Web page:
Thursday, April 21, 2011
Blood Orange Marmalade and Ahi Tuna, Raindrops on roses and whiskers on kittens;
Miniture ponies and crisp apple strudels;
Doorbells and sleigh bells and schnitzel with noodles;
Wild geese that fly with the moon on their wings;
These are a few of my favorite things.
Ok ok. I got carried away. So another day and another attempt at making Blood Orange Marmalade. This time I used a recipe that I have used before. It is the recipe in "Food for Friends" by Sally Pasley Vargas. I love this book. I love the way this marmalade comes out. I got lots of blood oranges at the Hay Market in Boston. It was our first time there. Don't hate me but I really wasn't impressed with it. It was all the same and it was all cheap and it wasn't at all anything that I couldn't grow or get locally. Ok, well maybe the oranges, artichoke and watermelon that I bought but ...oh shut up...I can't think of a but. I bought them and ate them and now I will feel guilty about it. They aren't local. Ok, I said it.
One of the secrets I found was that boiling the oranges and then letting them sit in the water overnight helps with the process of dealing with all the peels which need to be sliced very thinly. I tried using my Mandoline for the job but it didn't work. I had to do it all by hand. So, I cranked up the music and mindlessly cut oranges for a long time.
I thought the tedious part was over but nooooo. It took over an hour for this to get to the point that I was happy with the consistency.
It was worth it. It came out great.
So, should I tell you one of my other little dirty secrets? Ok ok pipe down. I don't like marmalade. I really don't like sweet anything. Well I do like cheap chocolate covered cherries and I also love lemonheads.
So lets talk tuna instead. You should make the marmalade if you like marmalade because even though I don't like marmalade, I know this is a good one. Oh nevermind. Tuna. We had tuna for dinner the other night and it came out great so I am going to share. We also had roasted shaved (not really shaved but it sounds nice) Brussel Sprouts.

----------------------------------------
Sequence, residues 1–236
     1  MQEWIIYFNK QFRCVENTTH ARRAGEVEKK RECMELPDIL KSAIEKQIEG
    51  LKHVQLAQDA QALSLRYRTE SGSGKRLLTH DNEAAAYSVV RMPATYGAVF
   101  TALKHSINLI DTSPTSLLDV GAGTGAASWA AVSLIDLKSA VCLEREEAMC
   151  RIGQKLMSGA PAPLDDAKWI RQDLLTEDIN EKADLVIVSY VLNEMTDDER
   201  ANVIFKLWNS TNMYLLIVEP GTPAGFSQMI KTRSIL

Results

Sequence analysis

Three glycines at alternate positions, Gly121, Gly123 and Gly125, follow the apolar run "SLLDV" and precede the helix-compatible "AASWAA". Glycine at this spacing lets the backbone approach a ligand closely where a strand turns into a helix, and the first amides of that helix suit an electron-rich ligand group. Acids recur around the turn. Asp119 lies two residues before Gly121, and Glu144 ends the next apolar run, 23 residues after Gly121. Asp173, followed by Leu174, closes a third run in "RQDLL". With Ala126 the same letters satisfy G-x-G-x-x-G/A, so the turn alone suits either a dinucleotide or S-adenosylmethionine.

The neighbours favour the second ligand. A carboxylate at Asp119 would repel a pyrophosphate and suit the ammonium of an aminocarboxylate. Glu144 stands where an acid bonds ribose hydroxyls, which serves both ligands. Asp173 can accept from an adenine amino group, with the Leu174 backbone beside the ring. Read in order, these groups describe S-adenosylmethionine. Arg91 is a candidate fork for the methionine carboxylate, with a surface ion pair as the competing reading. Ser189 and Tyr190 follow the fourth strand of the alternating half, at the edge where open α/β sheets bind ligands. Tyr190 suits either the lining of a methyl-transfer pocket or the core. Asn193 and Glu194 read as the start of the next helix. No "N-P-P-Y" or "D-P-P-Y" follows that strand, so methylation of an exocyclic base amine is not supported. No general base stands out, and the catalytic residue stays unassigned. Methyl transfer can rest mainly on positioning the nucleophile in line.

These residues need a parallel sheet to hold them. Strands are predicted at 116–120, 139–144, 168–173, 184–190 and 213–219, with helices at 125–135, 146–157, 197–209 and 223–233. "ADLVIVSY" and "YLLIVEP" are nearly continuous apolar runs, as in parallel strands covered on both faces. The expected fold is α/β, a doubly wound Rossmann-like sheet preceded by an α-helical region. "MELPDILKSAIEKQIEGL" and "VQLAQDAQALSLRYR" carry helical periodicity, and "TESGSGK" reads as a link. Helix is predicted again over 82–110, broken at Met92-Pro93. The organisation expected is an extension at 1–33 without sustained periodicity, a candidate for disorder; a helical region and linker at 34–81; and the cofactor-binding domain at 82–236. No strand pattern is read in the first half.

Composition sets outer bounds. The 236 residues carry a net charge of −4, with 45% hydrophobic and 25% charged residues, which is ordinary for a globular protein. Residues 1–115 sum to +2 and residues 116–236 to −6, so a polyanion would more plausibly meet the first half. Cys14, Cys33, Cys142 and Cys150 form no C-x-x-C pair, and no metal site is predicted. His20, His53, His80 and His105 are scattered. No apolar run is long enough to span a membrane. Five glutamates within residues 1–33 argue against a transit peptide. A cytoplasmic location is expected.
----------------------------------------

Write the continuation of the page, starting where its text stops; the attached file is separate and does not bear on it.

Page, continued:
It was a good dinner. The fish was really tasty.
Oh, I also got my Charcutepalooza apron in the mail. I will wear it will pride.
With that I will leave you with this:
When the dog bites,
When the bee stings,
When I'm feeling sad,
I simply remember my favorite things,
And then I don't feel so bad.
Tuna with Miso-Chile Sauce
Mark Bittman - Cooking Light
1 teaspoon butter
1 teaspoon minced shallots
1/2 teaspoon minced peeled fresh ginger
1/8 teaspoon chile paste with garlic
1 garlic clove, minced
1/2 cup dry red wine
1 1/2 tablespoons mirin (sweet rice wine)
1 tablespoon red miso (soybean paste)
1 tablespoon vegetable oil
4 (6-ounce) tuna steaks
1/4 teaspoon salt
1/4 teaspoon black pepper
Melt butter in a small saucepan over medium heat. Add shallots, ginger, chile paste, and garlic; cook 3 minutes, stirring frequently. Add wine and mirin; bring to a boil. Cook until reduced to 3 tablespoons (about 8 minutes); remove from heat. Stir in miso.
Heat vegetable oil in a large nonstick skillet over medium-high heat. Sprinkle tuna steaks with salt and pepper. Add tuna to pan; cook 3 minutes on each side until fish is medium-rare or desired degree of doneness.
Serve tuna steaks with sauce.
2 lb brussel sprout
1Tbl Olive oil
Roughly slice brussel sprouts. Put on pan and toss with a glug of olive oil (ok, around 1 Tbl).o
Season with salt and pepper.
Roast for about 25 minutes or until a little brown and soft.
Blood Orange Marmalade
Adapted from Sally Pasley Varga, Food for Friends
Makes 10 half pint jars.
4lbs Fruit (which consists of 8 to 9 blood oranges and 2 to 3 lemons)
8 C Sugar (I ran out so I used 6C white sugar and 2C light brown sugar)
1. Place the fruit in a 6 quart or larger heavy bottomed pot and cover with the water. Cover the pot and bring to a boil, decrease heat to low, and simmer for 25 to 35 minutes, until fruit is tender when pierced with fork. Let stand for several hours (I let it sit overnight) or overnight until completely cool.
2. Remove oranges from water and reserve 3 1/2 C of the liquid in pot.
3. Quarter fruit through stem end and cut crosswise into very thin slices, discarding the seeds (put on some good music because this takes a while)
Return fruit to the pot with reserved liquid and the sugar. Gently heat mixture, stirring occasionally until sugar is melted. Increase heat and bring to a boil. Cook over medium heat stirring often, until mixture reaches jellying point.
Process as usual.